Causes, symptoms and treatments of kidney disease
Few things are as important as your health and to ensure your body remains in tip top condition, take good care of all your organs, your kidney in particular. This is especially so because your kidney’s functions influence nearly every aspect of your wellbeing. But are you aware of the causes of kidney disease, or of any dangerous symptoms you should keep an eye out for?
If you don’t keep aware of what goes on within your body, you may not even realise that you have a renal health problem until it is too late. Here is what you need to know about the causes and symptoms of kidney disease, along with treatment options to be considered if you do experience any of them!
What is Kidney Disease?
Kidney disease can refer to any one of many conditions which prevent the kidneys from performing optimally, or even at all. This can include uncontrolled high blood pressure, diabetes, polycystic kidney disease or other diseases either associated with, or directly affecting the kidneys.
For instance, a condition known as chronic glomerulonephritis is an inflammation of the kidneys which can lead to the scarring of tiny filters within it.
Additionally, when left unchecked and untreated, most kidney disease might even snowball into a bigger issue. An example of which would be renal failure. Thus, it is vital that you take any symptoms or abnormalities seriously!
What if Kidney Disease goes Unnoticed?
Unfortunately, 82% of patients on organ transplant waiting lists are kidney patients, and of those, it takes an average of between 3-5 years for a match from a deceased donor.
So clearly, bypassing signs of kidney ailment and risking renal failure can be a recipe for disaster!
True, there is dialysis, which is the removal of waste, salts and excess fluids from the blood using external filtering. However, this is only necessary in extremely dire cases involving extreme performance reduction, or failure of the kidneys (usually about 85-90% of lost function).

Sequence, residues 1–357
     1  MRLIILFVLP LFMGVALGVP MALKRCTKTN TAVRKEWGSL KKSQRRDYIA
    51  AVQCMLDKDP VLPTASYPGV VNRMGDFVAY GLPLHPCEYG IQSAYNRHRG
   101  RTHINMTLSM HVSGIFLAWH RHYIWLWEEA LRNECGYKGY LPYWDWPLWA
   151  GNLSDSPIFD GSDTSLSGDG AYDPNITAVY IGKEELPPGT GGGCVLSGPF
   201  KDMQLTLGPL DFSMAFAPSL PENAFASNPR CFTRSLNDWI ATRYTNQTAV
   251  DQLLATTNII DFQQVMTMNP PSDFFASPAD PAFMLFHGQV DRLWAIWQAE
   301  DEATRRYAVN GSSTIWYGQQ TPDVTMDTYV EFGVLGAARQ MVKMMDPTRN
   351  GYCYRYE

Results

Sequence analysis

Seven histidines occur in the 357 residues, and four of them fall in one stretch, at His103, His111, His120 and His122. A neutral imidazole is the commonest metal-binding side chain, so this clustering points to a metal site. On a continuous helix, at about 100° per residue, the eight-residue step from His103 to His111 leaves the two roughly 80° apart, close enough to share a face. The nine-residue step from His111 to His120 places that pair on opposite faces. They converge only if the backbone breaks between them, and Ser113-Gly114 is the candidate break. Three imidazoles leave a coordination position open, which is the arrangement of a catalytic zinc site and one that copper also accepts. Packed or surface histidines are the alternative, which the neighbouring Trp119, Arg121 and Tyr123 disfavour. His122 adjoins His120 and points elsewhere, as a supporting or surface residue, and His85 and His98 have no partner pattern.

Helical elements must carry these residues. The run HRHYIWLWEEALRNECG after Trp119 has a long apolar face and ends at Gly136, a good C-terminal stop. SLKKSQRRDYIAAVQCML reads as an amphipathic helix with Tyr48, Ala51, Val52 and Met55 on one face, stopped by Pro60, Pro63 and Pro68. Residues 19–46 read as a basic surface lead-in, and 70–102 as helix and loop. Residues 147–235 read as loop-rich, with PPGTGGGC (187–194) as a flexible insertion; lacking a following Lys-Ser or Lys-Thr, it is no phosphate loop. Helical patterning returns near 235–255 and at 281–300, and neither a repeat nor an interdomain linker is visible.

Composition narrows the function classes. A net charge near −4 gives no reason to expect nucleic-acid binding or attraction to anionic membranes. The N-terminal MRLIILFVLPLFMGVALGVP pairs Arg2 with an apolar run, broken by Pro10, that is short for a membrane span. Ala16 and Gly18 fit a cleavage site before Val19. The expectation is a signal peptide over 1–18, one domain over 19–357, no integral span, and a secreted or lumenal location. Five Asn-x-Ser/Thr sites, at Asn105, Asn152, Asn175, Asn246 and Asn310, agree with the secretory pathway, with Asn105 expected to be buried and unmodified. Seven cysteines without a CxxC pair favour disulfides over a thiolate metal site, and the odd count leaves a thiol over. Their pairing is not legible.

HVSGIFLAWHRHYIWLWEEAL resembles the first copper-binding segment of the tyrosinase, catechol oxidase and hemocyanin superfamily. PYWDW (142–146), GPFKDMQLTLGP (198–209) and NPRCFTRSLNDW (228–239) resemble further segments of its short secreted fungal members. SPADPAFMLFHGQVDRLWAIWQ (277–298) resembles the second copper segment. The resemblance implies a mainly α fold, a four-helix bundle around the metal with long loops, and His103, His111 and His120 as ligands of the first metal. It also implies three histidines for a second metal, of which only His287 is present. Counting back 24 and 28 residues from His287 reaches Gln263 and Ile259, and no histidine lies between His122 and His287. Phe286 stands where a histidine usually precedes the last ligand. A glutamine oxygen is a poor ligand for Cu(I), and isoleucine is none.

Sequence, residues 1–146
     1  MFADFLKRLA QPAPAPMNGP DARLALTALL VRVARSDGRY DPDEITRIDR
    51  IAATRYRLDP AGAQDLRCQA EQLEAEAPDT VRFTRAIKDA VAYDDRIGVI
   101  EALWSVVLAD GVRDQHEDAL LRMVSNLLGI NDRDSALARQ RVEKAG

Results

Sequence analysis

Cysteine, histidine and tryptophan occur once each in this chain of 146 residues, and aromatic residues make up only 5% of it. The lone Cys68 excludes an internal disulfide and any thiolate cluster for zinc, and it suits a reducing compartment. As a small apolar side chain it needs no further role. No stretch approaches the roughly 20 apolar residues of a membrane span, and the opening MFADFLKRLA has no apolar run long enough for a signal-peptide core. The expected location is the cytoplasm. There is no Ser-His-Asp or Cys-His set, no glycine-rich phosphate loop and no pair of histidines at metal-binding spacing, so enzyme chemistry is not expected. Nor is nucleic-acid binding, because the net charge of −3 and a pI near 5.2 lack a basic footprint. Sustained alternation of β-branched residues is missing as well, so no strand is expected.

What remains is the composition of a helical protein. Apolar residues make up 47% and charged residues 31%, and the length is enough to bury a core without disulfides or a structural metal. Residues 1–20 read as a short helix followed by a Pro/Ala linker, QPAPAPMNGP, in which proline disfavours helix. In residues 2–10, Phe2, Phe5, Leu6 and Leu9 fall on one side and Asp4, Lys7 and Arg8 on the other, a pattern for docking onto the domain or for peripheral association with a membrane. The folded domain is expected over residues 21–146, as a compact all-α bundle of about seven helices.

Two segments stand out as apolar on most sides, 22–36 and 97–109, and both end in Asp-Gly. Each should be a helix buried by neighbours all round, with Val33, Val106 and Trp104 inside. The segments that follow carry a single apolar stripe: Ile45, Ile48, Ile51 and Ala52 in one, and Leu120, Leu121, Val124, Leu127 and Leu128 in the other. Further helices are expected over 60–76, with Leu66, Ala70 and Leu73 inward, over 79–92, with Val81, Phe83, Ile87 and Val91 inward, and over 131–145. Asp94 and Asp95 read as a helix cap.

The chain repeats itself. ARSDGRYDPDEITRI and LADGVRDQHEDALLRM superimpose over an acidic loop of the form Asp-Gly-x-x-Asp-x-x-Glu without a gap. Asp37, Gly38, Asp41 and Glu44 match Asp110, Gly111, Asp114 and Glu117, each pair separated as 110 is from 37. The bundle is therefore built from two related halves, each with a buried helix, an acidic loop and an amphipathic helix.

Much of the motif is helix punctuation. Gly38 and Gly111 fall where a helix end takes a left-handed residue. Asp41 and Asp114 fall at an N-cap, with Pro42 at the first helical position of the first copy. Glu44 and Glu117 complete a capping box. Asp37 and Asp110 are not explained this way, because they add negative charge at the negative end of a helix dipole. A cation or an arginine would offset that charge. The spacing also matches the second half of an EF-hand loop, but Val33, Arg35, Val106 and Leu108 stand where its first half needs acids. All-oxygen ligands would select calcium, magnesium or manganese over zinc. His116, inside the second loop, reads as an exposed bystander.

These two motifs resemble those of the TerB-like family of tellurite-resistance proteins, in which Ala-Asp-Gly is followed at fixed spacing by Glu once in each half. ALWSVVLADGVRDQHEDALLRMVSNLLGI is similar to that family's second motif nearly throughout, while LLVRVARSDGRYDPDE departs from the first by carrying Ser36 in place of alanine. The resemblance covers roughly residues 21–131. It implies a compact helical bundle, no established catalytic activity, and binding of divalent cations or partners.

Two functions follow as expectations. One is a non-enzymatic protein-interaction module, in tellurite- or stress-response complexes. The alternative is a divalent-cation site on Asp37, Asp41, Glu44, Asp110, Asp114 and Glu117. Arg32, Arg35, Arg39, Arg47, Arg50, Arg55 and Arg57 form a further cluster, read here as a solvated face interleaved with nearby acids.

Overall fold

Additionally, dialysis is used as a temporary means of filtering the blood, and it also usually takes around 4 hours per session and needs to be performed about 3 times per week.
Are There any Signs of Renal Disease to be Aware of?
Unfortunately, you may not notice any signs of kidney disease until it is too late, and even then, you may not even consider these symptoms anything to worry about.
But if you experience any of the following conditions—particularly for an extended period of time—you may need to visit your doctor to test for key renal biomarkers:
- You always feel cold or tired
- Your urine is constantly foamy, though not just due to the velocity of urination
- There are traces of blood in your urine
- Your experience frequent urination, particularly at night
- You experience swelling of the hands, feet, ankles and/or legs
- Feelings of nausea
- An odd, metallic taste in your mouth, have bad breath, or a lack of desire to consume meat
- Chronic itching
- Pain in the kidneys, which may feel like back pain
- Shortness of breath
There are other symptoms, although again, your best defense is to go for regular checkups, since waiting for symptoms to show may mean that you have waited for too long!
What Can be Done to Prevent Kidney Disease?
The best things you can do for your kidneys is to drink plenty of water daily and avoid consuming salt, tobacco or alcohol.
In fact, sticking to a diet of leafy greens and healthy, whole foods low in salt and sugar is not only best for your kidneys, but also for your overall health.
Additionally, it is advised that you include exercise in your daily routine, and that you get adequate sleep, along with regular monitoring and management of your blood pressure.
You should also avoid the consumption of tobacco, as well as excessively drinking. If you are having trouble adhering to these life changes, you may want to consider opting for outside help, such as a life coach to help get you through smoking withdrawals, or a support group to “lean on” in order to help you curb any bad habits or stop an addiction.
Finally, in addition to an annual checkup, you should see your doctor for any of the above symptoms—whether you feel it is necessary or not.
No, you can’t just grow a new kidney if you ruin the old one. Yes, you may be able to tide by on dialysis while you wait for up to half a decade for a new kidney. However, not only can a new kidney be a tough match for some rare blood types, but new organs can also be rejected by your body. Plus, is having 12 hours of dialysis performed each week really living? We think not. So, in the interest of your health and wellbeing, be kind to your kidneys—the alternative isn’t worth it!
If you’re interested in learning more about kidney disease and how it affects your body, read on more about it in our biomarker post here!